Knowing that I can’t draw a two dimension graph with two independent variables was my first anchor to reality, a three dimensional surface is required to visualize the operating envelope. Now I just need to find the parameters that use speed and cadence as inputs in the controller settings. Speed was the easy one, PAS levels, speed limits, wheel diameters, and motor speed were easy to locate. Where’s cadence?

There’s nothing in any parameter name that even mentioned cadence. That didn’t make sense, something had to be based on crank cadence to affect the current output. More reading discovered the

**Current Decay (1-8)**parameter, but what do the eight settings mean? This is still an open question, I found a “Power vs Cadence BBS01” graph. The first 5 series show a %, but a percent of what? The last series linked 40% to Current Decay 8, there’s useful information here if I can figure out what I’m being shown. I normalized the deltas and the six series almost fell on top of one another. There was something consistent and repeatable going on with the**Current Decay**settings. Still don’t know how to apply this knowledge but at least it’s repeatable and doesn’t contradict anything.With a single parameter setting dealing with cadence, it can’t be the primary control of output current to the motor. That leaves Speed as the primary control of output current. There’s a sufficient number of parameters that link speed and current in both the Basic and Pedal Assist screens of the configuration tool. Off to graph the output current to speed.

The Speed vs Current graph shows a line for each PAS setting, since each PAS setting is controlled by individual

**Current Limit %**and**Speed Limit %**. With the**Start Current %**and**Keep Current %**defining the start and end of each PAS level output current, the maximum output current is the PAS**Current Limit %**and the maximum speed is the**Speed Limit %.**Plotting the

**Start Current %, Current Limit %,**and**Keep Current %**results in a rectangle. While this outline doesn’t contradict anything, it doesn’t show any sensitivity to speed. Those parameters are the boundary points. Two additional points were required, one to terminate the**Slow-start Mode (1-8)**and the other to initiate the output current reduction based on speed.The speed based output current initiation point is based on the 44% motor speed. That works out to the

**Speed Limit***times*the**PAS speed limit %***times***0.44**in whatever units of speed being used.*Assumption**, the reduction of current is linear between the 44% point and the*Additional measurements will be required going forward to better define the rate of change, linear should be a good first guess.**Keep Current**at**PAS Speed Limit**%.The

**Slow-start Mode (1-8)**like the**Current Decay (1-8)**allows the use of 3 bits to hide the actual goings on. My guess is that both parameters are PID controller type settings, which would explain the extreme warnings on setting**Slow-start Mode**too low. The instantaneous current spike will overshoot and at zero speed (no work) it just makes HEAT at 100% efficiency. Additional measurements will be required going forward to better define the rate of change, linear within the first 1% of speed should be a good first guess.It worked, it generated an output that was continuous, made sense, didn’t contradict anything that I’m aware of, and I could see the differences between the PAS levels. At this point I realized that recalculating and replotting the Speed vs Current graph was going to be tedious at best, spreadsheets are a wonderful thing. Going forward, the graphs are Excel generated, based on the parameters contained in the “.el” files.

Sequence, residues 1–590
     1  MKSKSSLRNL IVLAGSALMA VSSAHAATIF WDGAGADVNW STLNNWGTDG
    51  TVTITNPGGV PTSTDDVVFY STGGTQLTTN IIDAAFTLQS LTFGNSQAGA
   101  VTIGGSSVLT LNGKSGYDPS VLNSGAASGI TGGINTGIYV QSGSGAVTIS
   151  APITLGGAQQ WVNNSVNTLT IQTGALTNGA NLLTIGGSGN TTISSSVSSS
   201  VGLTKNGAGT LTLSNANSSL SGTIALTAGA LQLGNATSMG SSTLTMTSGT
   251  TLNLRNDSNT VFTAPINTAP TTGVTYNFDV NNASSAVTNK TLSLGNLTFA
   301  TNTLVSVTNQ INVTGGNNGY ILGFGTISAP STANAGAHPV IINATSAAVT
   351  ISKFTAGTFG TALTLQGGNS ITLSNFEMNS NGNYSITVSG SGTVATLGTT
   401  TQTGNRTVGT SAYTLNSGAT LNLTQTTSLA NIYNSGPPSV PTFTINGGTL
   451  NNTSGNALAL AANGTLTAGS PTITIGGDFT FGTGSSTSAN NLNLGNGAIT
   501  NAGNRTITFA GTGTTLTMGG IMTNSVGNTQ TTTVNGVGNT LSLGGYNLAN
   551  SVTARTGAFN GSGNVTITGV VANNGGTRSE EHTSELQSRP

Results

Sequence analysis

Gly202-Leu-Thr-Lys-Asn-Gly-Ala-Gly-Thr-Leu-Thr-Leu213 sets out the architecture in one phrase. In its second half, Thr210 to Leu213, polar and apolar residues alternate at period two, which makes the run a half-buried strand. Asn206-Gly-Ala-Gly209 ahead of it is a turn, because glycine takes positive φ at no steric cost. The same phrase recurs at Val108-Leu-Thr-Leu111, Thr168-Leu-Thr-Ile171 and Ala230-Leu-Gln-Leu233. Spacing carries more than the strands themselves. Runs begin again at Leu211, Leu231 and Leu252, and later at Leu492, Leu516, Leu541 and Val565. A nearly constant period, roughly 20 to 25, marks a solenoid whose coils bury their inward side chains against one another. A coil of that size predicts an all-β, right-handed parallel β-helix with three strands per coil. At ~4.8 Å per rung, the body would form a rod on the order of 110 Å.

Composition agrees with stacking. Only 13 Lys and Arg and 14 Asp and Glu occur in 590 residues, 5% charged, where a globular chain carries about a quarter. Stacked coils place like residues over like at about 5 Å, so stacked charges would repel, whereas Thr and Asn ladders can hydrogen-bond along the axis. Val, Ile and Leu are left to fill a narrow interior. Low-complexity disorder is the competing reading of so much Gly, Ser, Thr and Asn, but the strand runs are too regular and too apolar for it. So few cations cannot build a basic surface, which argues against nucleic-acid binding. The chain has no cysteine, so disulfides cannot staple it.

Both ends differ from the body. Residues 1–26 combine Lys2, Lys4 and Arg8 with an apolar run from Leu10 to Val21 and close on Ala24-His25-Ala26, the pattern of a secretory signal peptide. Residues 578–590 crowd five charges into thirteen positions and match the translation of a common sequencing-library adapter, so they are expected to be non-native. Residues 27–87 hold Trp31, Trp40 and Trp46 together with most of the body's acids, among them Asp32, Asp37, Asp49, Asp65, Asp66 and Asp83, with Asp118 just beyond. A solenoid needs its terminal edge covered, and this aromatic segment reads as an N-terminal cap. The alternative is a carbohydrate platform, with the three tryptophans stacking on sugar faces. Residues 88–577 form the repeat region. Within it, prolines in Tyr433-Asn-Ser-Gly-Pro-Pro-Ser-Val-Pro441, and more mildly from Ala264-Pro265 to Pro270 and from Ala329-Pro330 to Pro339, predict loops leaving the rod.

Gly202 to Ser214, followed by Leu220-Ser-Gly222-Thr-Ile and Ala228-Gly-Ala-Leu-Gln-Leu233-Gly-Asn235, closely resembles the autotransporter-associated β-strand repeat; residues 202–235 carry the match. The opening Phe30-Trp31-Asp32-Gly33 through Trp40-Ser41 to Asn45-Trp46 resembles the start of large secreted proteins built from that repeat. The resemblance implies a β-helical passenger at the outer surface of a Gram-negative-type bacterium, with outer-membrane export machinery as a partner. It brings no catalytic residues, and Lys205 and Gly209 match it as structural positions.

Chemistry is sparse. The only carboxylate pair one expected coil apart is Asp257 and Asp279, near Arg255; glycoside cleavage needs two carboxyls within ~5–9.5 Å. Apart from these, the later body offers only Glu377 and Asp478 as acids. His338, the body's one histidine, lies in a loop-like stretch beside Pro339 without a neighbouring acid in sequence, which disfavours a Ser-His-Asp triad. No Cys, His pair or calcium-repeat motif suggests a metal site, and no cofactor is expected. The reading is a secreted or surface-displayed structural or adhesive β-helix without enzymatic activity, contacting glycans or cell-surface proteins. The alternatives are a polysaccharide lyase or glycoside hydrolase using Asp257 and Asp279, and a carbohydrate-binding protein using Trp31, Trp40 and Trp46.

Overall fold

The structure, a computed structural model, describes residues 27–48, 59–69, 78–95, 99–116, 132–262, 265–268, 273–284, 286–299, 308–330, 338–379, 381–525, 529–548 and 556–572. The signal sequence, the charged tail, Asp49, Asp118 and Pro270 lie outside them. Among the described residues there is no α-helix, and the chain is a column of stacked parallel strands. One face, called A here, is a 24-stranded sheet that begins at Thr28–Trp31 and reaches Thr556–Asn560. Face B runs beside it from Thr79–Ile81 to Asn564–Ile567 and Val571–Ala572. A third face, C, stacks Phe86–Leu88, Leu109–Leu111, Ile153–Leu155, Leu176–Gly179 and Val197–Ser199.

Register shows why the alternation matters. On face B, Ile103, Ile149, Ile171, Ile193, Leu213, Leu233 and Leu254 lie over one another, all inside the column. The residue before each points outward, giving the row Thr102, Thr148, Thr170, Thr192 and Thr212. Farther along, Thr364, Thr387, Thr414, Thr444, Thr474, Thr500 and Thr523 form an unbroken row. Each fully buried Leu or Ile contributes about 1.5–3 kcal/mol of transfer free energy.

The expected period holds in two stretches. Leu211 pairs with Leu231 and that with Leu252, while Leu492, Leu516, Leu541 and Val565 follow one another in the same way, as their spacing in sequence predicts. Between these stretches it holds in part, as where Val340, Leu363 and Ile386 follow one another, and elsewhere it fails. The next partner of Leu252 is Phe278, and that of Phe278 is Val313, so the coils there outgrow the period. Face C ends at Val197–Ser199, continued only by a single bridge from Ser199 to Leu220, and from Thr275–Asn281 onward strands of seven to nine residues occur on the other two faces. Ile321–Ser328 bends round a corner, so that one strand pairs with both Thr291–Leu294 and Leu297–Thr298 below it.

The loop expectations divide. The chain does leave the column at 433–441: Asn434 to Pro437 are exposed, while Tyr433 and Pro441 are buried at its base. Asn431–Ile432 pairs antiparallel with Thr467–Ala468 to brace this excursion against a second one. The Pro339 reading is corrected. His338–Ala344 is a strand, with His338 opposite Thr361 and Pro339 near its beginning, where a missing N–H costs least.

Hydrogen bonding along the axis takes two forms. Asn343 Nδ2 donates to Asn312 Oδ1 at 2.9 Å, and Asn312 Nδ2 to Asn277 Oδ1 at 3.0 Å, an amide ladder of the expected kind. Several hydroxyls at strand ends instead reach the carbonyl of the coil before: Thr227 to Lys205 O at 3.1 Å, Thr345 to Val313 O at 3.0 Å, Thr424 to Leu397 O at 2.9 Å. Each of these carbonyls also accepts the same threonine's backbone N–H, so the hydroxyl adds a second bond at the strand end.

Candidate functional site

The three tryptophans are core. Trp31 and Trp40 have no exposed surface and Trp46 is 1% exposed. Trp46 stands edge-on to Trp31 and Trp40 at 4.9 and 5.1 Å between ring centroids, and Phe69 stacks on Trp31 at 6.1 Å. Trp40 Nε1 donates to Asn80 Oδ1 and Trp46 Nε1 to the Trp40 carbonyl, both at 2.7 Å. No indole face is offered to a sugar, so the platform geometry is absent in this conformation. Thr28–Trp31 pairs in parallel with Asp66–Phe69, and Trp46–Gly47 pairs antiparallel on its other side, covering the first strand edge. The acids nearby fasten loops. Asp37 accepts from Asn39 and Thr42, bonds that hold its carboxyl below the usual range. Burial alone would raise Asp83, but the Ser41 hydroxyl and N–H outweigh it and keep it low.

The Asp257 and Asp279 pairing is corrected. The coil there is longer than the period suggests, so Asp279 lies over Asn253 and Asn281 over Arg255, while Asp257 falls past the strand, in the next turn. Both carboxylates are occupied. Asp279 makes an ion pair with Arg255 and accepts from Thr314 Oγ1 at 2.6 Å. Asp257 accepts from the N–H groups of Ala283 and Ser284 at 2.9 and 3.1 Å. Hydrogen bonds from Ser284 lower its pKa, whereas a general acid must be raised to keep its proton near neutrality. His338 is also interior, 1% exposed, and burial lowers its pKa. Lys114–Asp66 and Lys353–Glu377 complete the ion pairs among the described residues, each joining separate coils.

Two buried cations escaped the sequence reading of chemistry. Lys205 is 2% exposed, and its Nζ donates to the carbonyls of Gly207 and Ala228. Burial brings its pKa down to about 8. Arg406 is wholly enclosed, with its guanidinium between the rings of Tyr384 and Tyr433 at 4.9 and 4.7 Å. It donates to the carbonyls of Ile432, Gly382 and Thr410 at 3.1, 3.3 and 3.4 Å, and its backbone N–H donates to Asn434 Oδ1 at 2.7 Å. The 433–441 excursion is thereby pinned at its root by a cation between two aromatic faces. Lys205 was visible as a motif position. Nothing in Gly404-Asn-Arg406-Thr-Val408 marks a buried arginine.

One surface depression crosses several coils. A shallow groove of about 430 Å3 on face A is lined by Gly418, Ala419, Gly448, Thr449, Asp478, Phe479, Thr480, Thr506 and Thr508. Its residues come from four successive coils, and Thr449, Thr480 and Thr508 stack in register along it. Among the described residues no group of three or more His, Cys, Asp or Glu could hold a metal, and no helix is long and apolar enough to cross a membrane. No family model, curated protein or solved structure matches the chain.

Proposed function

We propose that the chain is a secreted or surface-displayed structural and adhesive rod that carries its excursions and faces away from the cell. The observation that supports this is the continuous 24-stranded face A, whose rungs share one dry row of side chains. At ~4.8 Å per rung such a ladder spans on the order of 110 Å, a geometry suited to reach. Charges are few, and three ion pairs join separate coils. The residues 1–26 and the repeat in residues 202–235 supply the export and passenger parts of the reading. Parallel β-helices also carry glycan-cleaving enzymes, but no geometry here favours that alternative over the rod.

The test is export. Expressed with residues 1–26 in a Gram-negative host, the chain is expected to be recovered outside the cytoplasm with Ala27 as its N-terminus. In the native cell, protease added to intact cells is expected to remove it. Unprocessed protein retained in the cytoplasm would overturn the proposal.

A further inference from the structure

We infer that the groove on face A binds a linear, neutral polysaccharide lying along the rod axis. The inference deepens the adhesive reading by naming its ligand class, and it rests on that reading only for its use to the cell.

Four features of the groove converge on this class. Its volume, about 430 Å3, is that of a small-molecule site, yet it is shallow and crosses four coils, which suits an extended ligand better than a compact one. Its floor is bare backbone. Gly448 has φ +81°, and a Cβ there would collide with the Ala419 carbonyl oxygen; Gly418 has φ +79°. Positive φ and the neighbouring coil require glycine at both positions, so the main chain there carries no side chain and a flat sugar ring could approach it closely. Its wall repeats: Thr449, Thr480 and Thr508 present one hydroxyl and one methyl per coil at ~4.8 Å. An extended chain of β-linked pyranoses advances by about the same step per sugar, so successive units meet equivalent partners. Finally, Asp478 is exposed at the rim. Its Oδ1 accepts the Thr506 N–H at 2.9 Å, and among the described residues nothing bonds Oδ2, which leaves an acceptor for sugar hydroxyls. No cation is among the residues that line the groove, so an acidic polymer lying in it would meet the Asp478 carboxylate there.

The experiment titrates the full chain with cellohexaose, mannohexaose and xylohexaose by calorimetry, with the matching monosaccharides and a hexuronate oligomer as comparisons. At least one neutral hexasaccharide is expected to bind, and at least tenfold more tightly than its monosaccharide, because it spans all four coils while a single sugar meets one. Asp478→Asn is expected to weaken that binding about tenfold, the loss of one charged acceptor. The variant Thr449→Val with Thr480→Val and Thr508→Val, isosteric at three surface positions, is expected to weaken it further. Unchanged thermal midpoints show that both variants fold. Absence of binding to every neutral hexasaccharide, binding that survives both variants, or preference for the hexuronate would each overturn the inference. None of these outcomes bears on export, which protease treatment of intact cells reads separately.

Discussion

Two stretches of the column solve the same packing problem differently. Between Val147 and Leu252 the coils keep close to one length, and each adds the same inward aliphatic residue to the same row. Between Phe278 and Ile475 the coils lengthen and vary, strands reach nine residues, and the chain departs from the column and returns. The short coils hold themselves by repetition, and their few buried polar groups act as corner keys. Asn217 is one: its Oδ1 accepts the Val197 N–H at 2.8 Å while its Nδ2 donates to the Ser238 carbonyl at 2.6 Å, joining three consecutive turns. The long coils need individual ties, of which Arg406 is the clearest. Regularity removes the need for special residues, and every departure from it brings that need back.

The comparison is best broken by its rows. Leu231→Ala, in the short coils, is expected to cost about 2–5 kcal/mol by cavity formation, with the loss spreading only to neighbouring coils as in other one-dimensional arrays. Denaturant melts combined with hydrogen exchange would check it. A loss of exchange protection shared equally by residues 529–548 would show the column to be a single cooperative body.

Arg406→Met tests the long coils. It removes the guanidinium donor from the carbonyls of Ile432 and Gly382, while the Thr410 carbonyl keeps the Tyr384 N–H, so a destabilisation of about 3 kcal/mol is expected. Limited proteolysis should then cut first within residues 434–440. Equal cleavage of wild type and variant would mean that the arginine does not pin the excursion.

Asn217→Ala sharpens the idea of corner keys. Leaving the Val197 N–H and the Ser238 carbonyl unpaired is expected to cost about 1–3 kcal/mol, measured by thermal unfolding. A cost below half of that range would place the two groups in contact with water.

In order to see the differences between parameter sets, two widely published sets will be compared side by side. The first is the “em3evbb02.el” and the second is the “kepler.el”. To keep this document constrained, only PAS 1, PAS 5, and PAS 9 for the full three dimensional maps are presented although all 9 levels are calculated. Each 3D map has 240 equally spaced data points over the cadence and speed range.

The

**Speed Limit**evaluated here is**30 mph**. Any valid value can be used, but changing it generates all new maps since**Speed Limit**is used in many of the calculations.Parameter |
Em3evbb02 |
Kepler |

Low Volt Cutout | 41 | 41 |

Current Limit | 25 | 20 |

PAS0 Current % | 1 | 100 |

PAS1 Current % | 52 | 10 |

PAS2 Current % | 58 | 20 |

PAS3 Current % | 64 | 30 |

PAS4 Current % | 70 | 40 |

PAS5 Current % | 76 | 50 |

PAS6 Current % | 82 | 60 |

PAS7 Current % | 88 | 70 |

PAS8 Current % | 94 | 85 |

PAS9 Current % | 100 | 100 |

PAS0 Speed % | 1 | 1 |

PAS1 Speed % | 44 | 100 |

PAS2 Speed % | 51 | 100 |

PAS3 Speed % | 58 | 100 |

PAS4 Speed % | 65 | 100 |

PAS5 Speed % | 72 | 100 |

PAS6 Speed % | 79 | 100 |

PAS7 Speed % | 86 | 100 |

PAS8 Speed % | 93 | 100 |

PAS9 Speed % | 100 | 100 |

Wheel Diameter | 26 | 26 |

Speed Limit | 30 | 30 |

Start Current % | 10 | 30 |

Slow-start (1-8) | 3 | 6 |

Crank Trigger | 4 | 4 |

Work Mode | Undetermined | 10 |

Stop Delay (x10ms) | 25 | 25 |

Current Decay (x10ms) | 4 | 8 |

Stop Decay (x10ms) | 0 | 20 |

Keep Current % | 60 | 60 |

Start V (x100mV) | 11 | 11 |

End V (x100mV) | 35 | 35 |

Mode | Current | Current |

Assist Levels | 9 | 9 |

Speed Limit (throttle) | 30 | 24.9 |

Start Amps % | 10 | 10 |

The following pages will show these two configurations side by side.

Questions, comments, and challenges to what I’ve assembled here are welcomed. To get a spreadsheet to calculate and generate the following charts required several assumptions. I started with linear rates of change which can be modified should they prove to be less accurate than desired.

The speed and cadence ranges are consistent for all graphs. The output Amps scale (vertical) varies with the configuration parameters. There are several details that exhibit Excel’s limitations for dealing with 3D surfaces.